1. One could argue that the quest for immortality, even in memory, lead to to concept of heaven. We are self aware, and struggle with the idea that this self awareness will disappear after our short four score years. We have to accept it, live with it (so to speak) and make our goal to leave the world a better place than we found it and be satisfied with the hope that good memories of us will live on in the minds of the people we have known and helped.

    Side Note : "Even false religion points to the existence of true religion; consider how the existence of counterfeit money suggests the existence of real money, even if one had never seen real money"

    Do fake psychics suggest the existence of real psychics?

    1. Hi R1,
      Psychic powers…The underlying desire for the supernatural suggests the existence of the supernatural.

    2. Hello Ben,

      No, and I don't think you would want to adopt that as a criterion for evaluating the truth of a position. One could say the fact that there are so many astrologers suggests that the planets may influence one's life. The fact that homeopathy is widespread suggests that impossibly dilute treatments have efficacy, the fact that so many people report alien abductions suggest it is really happening. None of those statements suggest anything of the sort, only that people need to work on their credulity.

    3. Think of the underlying desires. People look (sometimes desperately) to astrology and the planets because they desire a “destiny”. This implies the existence of a destiny, just like hunger implies the existence of food. People look (sometimes desperately) for aliens because they desire there to be something “greater than ourselves”. We desire not to be alone in the universe. This implies that there actually is something greater and we are not alone. The proof from desire is a type of proof or evidence. No one can force you accept it, but it is reasonable. I think it even follows a kind of evolutionary logic. If it did not exist, there is no sense in wasting resources hunting for it.

    4. I'm commenting because this is very suspect reasoning. People desire many things, but that does not necessarily mean there is a reality behind the desire.

      Wanting there to be aliens in no way makes aliens a necessity. The proof from desire is not taken credibly at all (C.S. Lewis aside). While it might apply for real world situations like hunger, thirst, sleep, it doesn't necessarily follow for metaphysical questions. Indeed real world situations are more needs than desire. For example, I need food, I desire steak.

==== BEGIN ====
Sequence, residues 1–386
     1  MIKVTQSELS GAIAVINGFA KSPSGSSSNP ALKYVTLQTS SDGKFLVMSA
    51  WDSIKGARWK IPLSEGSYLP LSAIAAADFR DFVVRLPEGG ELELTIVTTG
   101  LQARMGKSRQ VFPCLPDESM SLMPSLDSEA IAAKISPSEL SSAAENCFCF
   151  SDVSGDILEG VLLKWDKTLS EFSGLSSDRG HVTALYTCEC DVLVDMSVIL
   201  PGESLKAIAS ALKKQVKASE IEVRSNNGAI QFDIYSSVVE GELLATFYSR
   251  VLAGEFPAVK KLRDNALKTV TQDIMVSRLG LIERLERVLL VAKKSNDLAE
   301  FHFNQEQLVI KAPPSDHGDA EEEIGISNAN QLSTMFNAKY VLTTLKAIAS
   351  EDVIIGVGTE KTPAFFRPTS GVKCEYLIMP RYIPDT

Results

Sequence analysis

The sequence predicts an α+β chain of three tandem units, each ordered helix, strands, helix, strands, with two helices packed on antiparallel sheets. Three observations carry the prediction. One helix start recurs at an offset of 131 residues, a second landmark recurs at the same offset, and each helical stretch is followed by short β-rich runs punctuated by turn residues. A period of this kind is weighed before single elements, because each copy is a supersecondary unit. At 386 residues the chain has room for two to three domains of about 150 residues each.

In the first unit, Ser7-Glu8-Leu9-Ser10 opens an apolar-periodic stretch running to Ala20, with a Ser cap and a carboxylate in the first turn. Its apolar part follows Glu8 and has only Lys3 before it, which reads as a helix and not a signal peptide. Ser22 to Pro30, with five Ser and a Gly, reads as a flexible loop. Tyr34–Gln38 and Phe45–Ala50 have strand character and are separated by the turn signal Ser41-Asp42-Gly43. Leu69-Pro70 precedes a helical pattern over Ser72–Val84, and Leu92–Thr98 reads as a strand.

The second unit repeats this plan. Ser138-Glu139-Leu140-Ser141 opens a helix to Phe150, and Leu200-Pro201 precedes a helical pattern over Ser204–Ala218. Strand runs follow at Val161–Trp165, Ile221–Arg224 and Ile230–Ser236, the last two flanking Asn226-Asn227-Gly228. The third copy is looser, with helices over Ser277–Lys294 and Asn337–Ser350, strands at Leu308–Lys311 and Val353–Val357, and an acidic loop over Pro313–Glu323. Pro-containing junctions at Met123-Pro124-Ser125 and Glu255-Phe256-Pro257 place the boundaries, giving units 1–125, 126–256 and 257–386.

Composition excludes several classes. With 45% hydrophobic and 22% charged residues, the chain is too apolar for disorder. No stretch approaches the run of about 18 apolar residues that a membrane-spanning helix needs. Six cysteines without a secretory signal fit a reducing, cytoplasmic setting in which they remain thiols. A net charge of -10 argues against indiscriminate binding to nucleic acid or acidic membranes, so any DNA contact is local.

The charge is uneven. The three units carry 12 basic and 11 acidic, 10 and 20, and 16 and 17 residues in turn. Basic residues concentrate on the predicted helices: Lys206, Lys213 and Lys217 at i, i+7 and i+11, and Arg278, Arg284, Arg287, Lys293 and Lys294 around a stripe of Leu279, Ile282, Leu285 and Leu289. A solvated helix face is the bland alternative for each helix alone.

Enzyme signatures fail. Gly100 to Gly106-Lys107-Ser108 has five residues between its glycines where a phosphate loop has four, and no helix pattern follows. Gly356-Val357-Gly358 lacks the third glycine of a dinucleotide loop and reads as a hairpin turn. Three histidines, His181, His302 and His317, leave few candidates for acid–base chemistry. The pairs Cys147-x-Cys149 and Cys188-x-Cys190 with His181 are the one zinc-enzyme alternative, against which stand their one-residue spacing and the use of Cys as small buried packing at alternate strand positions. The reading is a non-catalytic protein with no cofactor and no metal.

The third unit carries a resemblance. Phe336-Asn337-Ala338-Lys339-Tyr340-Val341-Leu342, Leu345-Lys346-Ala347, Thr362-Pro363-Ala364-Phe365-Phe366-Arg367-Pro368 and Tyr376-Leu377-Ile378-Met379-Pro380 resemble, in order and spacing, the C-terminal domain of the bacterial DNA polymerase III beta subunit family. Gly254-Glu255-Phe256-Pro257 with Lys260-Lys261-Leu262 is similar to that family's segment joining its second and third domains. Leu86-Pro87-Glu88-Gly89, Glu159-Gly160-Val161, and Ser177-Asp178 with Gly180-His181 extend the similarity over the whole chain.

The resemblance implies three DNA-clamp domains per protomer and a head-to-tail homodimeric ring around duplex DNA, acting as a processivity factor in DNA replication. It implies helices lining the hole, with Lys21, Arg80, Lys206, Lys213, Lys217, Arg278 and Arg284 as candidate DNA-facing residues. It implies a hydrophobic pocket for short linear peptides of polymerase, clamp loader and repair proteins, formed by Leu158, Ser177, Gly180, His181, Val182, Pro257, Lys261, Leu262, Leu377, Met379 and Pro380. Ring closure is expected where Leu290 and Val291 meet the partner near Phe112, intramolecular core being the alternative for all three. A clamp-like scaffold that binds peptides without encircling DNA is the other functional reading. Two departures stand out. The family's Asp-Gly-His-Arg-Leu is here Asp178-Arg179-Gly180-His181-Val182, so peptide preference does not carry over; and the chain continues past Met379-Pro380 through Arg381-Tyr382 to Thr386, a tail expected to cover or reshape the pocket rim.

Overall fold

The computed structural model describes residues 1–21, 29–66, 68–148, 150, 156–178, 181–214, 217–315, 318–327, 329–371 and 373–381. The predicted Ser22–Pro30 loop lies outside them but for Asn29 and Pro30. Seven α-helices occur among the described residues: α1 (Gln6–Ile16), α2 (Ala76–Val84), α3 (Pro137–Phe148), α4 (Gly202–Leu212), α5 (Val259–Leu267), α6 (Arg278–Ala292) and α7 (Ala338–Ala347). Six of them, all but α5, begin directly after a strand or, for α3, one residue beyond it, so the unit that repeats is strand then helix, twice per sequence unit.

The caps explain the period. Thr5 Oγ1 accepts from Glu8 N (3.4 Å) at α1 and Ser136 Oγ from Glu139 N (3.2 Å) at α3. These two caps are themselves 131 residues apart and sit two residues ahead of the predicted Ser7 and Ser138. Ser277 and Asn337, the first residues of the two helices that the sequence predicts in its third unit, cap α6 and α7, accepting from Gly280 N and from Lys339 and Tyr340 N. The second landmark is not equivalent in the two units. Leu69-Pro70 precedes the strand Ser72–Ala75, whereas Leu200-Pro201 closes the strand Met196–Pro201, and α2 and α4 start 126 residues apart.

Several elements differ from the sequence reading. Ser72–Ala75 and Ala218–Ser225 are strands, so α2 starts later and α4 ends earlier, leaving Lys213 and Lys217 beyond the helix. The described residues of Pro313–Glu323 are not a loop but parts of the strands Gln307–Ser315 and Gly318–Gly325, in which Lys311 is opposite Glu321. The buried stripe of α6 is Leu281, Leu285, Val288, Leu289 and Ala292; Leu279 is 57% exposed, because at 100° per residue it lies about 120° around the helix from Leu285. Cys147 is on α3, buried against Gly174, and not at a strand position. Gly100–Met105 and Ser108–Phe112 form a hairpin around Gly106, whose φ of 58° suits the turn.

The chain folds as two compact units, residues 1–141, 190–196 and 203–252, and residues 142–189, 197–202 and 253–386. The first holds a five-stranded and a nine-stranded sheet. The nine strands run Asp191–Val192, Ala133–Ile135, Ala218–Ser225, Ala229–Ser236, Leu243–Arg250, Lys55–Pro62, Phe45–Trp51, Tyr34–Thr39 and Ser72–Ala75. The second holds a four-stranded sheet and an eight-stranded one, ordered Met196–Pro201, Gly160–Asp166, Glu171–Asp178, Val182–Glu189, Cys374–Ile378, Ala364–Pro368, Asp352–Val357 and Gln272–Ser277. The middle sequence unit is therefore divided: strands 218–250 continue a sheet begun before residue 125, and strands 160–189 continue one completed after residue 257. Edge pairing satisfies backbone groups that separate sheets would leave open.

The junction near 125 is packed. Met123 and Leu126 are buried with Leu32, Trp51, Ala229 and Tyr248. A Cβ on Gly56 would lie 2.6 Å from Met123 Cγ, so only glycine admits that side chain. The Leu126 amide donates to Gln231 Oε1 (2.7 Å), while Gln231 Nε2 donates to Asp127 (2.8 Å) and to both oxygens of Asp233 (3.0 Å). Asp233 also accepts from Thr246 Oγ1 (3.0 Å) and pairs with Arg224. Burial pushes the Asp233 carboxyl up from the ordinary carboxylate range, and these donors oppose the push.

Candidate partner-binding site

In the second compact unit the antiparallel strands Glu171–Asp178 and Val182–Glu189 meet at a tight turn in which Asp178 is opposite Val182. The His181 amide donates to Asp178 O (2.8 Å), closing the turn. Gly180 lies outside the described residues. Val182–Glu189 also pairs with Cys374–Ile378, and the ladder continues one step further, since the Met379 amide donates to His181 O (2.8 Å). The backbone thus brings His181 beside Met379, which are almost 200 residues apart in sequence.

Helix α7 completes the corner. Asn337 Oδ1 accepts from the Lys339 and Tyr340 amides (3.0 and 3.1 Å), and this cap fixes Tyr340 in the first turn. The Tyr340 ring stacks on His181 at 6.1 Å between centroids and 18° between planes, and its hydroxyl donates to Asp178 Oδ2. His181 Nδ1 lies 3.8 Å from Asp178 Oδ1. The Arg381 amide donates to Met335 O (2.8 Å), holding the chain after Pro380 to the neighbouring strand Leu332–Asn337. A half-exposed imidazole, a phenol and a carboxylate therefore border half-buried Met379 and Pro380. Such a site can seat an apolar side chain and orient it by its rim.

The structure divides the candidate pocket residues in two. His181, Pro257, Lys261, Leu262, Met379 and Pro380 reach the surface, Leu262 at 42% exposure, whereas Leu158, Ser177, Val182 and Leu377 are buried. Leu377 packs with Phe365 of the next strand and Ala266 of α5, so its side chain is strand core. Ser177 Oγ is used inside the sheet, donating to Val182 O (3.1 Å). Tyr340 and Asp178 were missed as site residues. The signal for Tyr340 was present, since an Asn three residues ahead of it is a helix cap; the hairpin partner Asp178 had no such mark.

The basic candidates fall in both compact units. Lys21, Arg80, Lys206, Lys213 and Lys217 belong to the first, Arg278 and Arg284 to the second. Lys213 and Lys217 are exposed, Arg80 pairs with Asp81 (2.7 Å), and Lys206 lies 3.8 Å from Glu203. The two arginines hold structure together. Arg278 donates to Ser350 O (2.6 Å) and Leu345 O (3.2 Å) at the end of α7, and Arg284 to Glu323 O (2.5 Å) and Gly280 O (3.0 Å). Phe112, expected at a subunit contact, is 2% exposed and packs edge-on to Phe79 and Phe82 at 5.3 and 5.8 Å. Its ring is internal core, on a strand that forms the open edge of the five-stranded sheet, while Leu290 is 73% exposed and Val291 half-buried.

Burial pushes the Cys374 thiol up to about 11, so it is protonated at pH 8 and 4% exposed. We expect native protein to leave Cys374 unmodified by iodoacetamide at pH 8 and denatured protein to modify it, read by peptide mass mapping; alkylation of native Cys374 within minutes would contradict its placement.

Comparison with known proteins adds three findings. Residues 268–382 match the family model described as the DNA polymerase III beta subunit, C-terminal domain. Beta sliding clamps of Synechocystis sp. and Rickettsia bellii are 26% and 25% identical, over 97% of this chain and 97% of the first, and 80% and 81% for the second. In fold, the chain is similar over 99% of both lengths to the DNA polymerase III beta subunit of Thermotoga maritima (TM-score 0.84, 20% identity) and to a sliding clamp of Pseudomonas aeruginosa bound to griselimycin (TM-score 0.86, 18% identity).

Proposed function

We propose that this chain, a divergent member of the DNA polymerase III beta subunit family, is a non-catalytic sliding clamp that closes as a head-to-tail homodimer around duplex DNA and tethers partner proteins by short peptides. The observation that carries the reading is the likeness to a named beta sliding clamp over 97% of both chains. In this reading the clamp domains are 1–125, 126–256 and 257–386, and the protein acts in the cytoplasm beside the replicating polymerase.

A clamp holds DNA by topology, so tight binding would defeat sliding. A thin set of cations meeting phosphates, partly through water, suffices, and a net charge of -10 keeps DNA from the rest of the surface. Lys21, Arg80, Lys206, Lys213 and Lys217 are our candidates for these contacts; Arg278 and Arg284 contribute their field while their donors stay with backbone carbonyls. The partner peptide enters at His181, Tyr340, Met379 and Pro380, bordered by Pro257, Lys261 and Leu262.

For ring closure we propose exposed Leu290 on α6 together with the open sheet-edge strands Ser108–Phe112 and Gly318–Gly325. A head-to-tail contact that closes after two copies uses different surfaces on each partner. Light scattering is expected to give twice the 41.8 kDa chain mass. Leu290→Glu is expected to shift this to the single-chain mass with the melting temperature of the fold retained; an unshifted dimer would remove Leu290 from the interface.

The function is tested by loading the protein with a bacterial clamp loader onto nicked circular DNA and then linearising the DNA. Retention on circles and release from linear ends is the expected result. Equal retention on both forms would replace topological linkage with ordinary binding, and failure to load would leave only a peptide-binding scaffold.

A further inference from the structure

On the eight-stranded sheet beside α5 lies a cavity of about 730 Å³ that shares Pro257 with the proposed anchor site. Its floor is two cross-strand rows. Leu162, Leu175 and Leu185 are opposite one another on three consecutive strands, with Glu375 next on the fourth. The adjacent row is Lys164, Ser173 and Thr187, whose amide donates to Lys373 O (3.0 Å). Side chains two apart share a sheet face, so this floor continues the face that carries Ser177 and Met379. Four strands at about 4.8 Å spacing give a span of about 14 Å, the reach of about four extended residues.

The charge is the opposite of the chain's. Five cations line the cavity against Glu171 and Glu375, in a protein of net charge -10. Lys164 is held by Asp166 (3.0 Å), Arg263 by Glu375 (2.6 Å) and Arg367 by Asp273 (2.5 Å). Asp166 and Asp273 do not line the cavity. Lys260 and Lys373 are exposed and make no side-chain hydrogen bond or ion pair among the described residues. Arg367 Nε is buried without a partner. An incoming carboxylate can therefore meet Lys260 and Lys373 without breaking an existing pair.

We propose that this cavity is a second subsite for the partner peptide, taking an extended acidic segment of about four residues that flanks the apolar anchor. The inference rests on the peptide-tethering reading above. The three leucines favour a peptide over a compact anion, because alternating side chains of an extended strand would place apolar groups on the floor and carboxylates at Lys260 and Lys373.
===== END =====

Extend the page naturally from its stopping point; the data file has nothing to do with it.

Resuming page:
Also the desire for God is not universal, it's cultural. I feel no desire for a deity and neither do most atheists. And for those who desire something greater than oneself, it can be filled in myriad ways other than the Christian God, aliens being one of them.

      On a personal level I desire that there is a solution to the Riemann Zeta hypothesis yet Godel's incompleteness theorem tells me that this may be a question that has no solution, however much I may desire it.

    5. Based on your comments on our blog, it seems you sincerely desire “goodness” and “truth”. In Catholic theology one could say this is the same as desiring God. You may be closer to The Kingdom than you think. Cheers!

    6. We mostly all desire goodness and truth but one must pursue those with not with a desire to a predetermined outcome, but a desire to find the truth where ever that leads and as much as one can .

      “It is morally as bad not to care whether a thing is true or not, so long as it makes you feel good, as it is not to care how you got your money as long as you have got it.” Edwin Way Teale, Circle of the Seasons: The Journal of a Naturalist's Year


    7. R1,

      A brief comment. The argument from desire is not a proof in that it is not conclusive, but a piece of corroborative evidence.


    8. As to your comment on Truth, I very much agree!

    9. It's certainly not a proof and should be viewed as extremely suspect as corroborative evidence and its fraught with subjective abuse. One could use desires inherent in the human condition to extrapolate to all sorts of metaphysical entities. And also what desires are inherent and what are cultural. WIth the growing number of atheists in Western society, who lack that desire, there's growing evidence that this is cultural rather than inherent.